A new 'playbook' for financing a climate-constrained world

A new 'playbook' for financing a climate-constrained world

Harper Matsuyama, via Ceres

As scientists concluded in the recent United Nations Intergovernmental Panel on Climate Change report, avoiding the worst effects of climate change will require an all-hands-on-deck transformation of the global economy.

That transformation will take innovation and money.

Luckily, both are moving in the right direction. Technology developments in energy efficiency, clean energy, and zero-emissions transportation quickly are evolving and require capital in order to reach the scale needed to curb global climate change.

Meanwhile, increasing numbers of investors seek low-carbon opportunities to invest in. In fact, in recent survey responses to the Investor Agenda, 400 major investors indicated they’re pursuing at least one of four actions on climate, including moving funds into low-carbon investments.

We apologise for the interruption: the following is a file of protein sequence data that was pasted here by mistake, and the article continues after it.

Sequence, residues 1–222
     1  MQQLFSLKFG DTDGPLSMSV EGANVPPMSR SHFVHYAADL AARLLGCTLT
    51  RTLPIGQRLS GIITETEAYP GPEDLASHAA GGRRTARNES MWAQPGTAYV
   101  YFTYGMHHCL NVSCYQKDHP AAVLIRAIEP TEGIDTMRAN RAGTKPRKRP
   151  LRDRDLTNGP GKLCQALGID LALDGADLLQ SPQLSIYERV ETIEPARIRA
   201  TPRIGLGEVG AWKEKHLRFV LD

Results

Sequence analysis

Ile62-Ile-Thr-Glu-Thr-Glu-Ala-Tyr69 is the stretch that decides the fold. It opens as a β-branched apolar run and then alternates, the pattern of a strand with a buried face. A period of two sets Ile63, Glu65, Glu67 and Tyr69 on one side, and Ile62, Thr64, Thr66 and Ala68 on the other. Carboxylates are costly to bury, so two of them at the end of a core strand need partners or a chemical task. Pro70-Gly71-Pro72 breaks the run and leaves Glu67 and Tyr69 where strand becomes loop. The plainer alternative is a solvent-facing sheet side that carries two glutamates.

And that’s a very good thing. Experts estimate more than $1 trillion a year of global clean energy investment is needed for us to meet the threshold of avoiding the worst effects of climate change. Ceres calls this climate finance challenge the Clean Trillion.

But this all begs the question: Are the investors interested in low-carbon opportunities finding promising low-carbon innovations and project deployments? Can asset owners, bound by fiduciary duty to maximize returns for clients, find the types of investments they need in the emerging low-carbon landscape?

Enter the Climate Finance Playbook. I sat down with Dan Carol, senior advisor for infrastructure and energy in California Gov. Jerry Brown’s office, as well as friends from Principles for Responsible Investment and the Rockefeller Foundation to put this guide together to help investors navigate these questions as many investors gathered at the Global Climate Action Summit in September. 

Click here (PDF) to download the playbook.